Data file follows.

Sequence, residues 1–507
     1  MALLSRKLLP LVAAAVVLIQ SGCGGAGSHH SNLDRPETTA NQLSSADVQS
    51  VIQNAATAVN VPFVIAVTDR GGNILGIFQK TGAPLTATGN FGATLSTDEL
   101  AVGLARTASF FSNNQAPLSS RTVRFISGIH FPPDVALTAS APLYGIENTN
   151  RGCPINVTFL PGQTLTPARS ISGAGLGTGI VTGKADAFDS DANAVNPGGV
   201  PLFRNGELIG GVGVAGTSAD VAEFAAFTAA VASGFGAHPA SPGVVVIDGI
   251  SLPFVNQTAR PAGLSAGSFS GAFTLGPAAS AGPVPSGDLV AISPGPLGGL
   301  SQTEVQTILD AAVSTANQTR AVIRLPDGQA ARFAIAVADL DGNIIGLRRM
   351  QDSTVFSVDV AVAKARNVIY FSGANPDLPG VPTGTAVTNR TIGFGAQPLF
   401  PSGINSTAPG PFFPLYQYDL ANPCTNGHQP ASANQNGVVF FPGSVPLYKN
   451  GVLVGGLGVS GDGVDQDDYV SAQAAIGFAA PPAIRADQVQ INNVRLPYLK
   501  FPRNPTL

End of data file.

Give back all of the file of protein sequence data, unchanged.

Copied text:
Sequence, residues 1–507
     1  MALLSRKLLP LVAAAVVLIQ SGCGGAGSHH SNLDRPETTA NQLSSADVQS
    51  VIQNAATAVN VPFVIAVTDR GGNILGIFQK TGAPLTATGN FGATLSTDEL
   101  AVGLARTASF FSNNQAPLSS RTVRFISGIH FPPDVALTAS APLYGIENTN
   151  RGCPINVTFL PGQTLTPARS ISGAGLGTGI VTGKADAFDS DANAVNPGGV
   201  PLFRNGELIG GVGVAGTSAD VAEFAAFTAA VASGFGAHPA SPGVVVIDGI
   251  SLPFVNQTAR PAGLSAGSFS GAFTLGPAAS AGPVPSGDLV AISPGPLGGL
   301  SQTEVQTILD AAVSTANQTR AVIRLPDGQA ARFAIAVADL DGNIIGLRRM
   351  QDSTVFSVDV AVAKARNVIY FSGANPDLPG VPTGTAVTNR TIGFGAQPLF
   401  PSGINSTAPG PFFPLYQYDL ANPCTNGHQP ASANQNGVVF FPGSVPLYKN
   451  GVLVGGLGVS GDGVDQDDYV SAQAAIGFAA PPAIRADQVQ INNVRLPYLK
   501  FPRNPTL